22nd March 2012 – Day 25
Wearing her 3lb vest, it was still far too big for her.
She was after all still only 2lb.
She was having a duvet day that day, she remained in her incubator. We were able to perform her cares an give her a feed. Her tube pulling became less and less too, as they had moved her feeding tube from mouth to nose. She wasn’t keen in it in her mouth, but was still far too small for NG. However her feistyness meant that the nurses had to find a way to get the tube through her nose – and keep it there.
Although small, and born super early, premature babies can really teach you a lot. They are incredibly clever, as with normal babies they know their own minds. With Melody she was able to teach us how little and how much she wanted to be touched, she was able to tell us when she had, had enough of being pulled about.
The most obvious of her hand gestures was to place an open palm in front of her face; that was to tell us, she wanted to rest.
Melody really did know her own mind; along with doing the opposite to what we had been told to expect; she was feisty and nicknamed little Miss Fidgety Pants. Kicking the Doctor during her birth, hitting the cardiologist when he dared place gel on her tiny chest. she’d cry when it wasn’t expected; pull up to 12 feeding tubes a day.
She really was something else. They may be small but they really are perfect preemies.
21st March 2012
We wanted to catch a ward round, so we made our way in early. It always kind of felt to me that it was like a parents’ evening – progress; only it wasn’t teachers it as healthcare professionals. Today was the day we were told that our micro preemie would be coming home.
15th May or thereabouts,
“Make plans as a family of 5 for Whitsun week” We were told.
They told us there was a possibility she’d come home on some home oxygen.
But because she was such a feisty bum, she’d have come off the oxygen the day before discharge. Her daily brain scans had shown no abnormalities including no cerebral palsy, and her PDA had corrected itself. We really were on course.
She was coming home, this was the day we had been handed hope – the biggest celebration since her birth. It was something for us to focus on, for her siblings to look forward to. Their eyes flew wide open with excitement when we told them.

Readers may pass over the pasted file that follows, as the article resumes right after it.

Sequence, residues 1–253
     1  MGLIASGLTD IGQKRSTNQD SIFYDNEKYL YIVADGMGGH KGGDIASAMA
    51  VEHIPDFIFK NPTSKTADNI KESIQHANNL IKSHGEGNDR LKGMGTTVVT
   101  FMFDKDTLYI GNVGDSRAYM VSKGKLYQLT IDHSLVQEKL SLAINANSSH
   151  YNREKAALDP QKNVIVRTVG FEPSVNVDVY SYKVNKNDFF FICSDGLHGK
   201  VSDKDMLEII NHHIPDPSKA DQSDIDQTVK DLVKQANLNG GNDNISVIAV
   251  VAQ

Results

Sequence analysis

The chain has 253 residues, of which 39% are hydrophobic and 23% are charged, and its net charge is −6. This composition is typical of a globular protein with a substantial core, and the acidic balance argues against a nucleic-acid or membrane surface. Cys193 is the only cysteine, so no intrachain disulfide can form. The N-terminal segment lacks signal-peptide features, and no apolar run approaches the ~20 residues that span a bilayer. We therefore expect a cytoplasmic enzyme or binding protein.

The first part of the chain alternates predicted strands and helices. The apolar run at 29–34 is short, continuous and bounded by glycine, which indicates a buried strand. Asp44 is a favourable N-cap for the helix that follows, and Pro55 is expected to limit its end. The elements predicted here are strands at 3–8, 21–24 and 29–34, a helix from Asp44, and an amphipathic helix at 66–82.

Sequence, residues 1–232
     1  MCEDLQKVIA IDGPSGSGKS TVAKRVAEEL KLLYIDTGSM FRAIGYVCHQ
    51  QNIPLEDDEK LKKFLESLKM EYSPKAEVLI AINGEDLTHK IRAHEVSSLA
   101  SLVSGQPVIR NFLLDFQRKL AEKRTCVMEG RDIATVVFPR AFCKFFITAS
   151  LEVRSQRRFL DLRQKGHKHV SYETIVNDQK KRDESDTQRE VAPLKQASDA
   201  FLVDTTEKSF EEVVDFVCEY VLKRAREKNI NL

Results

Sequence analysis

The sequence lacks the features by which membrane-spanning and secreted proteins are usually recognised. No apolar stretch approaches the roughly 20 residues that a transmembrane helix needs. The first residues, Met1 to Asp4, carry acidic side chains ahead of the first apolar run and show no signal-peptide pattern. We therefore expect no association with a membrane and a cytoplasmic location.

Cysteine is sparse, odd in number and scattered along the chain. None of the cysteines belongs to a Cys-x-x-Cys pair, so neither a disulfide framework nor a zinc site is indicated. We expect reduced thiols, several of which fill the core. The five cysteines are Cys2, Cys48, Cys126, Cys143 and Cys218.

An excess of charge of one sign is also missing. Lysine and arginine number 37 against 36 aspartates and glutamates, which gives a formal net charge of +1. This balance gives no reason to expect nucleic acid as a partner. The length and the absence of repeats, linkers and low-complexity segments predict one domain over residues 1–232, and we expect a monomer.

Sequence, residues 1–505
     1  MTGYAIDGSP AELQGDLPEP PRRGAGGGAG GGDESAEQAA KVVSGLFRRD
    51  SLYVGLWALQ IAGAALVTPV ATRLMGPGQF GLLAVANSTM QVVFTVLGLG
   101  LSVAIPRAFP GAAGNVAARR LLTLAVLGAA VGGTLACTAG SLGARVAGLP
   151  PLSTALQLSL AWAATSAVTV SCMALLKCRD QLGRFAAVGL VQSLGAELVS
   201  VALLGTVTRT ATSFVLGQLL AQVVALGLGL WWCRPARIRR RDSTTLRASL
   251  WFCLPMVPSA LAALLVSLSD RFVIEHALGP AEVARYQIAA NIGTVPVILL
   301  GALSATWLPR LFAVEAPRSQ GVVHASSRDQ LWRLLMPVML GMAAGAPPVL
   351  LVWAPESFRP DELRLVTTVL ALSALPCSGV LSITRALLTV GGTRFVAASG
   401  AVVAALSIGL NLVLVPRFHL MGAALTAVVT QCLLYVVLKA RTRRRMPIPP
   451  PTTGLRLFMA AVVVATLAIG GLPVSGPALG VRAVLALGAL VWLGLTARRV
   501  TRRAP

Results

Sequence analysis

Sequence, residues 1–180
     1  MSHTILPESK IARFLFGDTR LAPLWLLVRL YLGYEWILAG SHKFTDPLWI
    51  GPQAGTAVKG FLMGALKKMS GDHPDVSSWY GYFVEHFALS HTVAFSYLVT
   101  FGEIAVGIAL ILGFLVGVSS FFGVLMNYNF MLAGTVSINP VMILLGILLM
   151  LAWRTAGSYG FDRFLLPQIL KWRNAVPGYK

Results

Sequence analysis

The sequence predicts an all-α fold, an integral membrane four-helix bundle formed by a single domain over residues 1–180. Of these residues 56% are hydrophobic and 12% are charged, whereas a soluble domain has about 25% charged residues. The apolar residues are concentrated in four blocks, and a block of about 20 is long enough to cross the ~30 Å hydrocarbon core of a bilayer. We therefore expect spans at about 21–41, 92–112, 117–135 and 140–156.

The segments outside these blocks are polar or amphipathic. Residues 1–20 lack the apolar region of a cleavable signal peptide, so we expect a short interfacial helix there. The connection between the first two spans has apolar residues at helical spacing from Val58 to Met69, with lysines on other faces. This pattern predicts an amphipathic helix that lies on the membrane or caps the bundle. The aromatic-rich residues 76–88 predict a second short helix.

March was almost over; soon we’d hit April then it would only be a month until we’d leave the hospital, it really wasn’t long.
Sitting holding her, being told this news only made her feel more like ours, more like I was her Mum, just a few weeks until we had her to ourselves.
She’d pulled her umpteenth tube out today too, she was declared a bad influence.
She was certainly making up for her size.
A huge personality.
She’s coming home.
20th March 2012
That bliss, that we had been given hope. It was hard to find hope, but we were given it.
We had walked into to be greeted with the news, that I could have Kangaroo Care…which is – Skin to skin cuddles.
It wasn’t the first time I’d had a cuddle but was the first skin to skin.
Beneficial to both mum and baby, mum of course for bonding and milk production.
But for baby can be medicinal, our daughter’s observations stabilised, she was relaxed and appeared stress-free.
In some undeveloped countries, they use this technique as medicine alone. Places often sit mums down on a chair, somewhere comfortable and just let them cuddle their babies; providing them with food and drink. Skin to skin is also great for Dads too – sadly Melody’s Dad didn’t get the skin to skin.
As you can see it was incredibly emotional. I was never really allowed more than 5-10 minutes at a time for cuddles; it felt so difficult to place her back inside her little box. I remember that desperate feeling of needing those important newborn snuggles, to spend hours just sitting and cuddling, smelling her head. But each time it was always too soon. It was always so wonderful.
She looks so tiny here, she hadn’t quite hit 2lb. But her delicate ways meant that she felt like two tonnes, not 2lb!!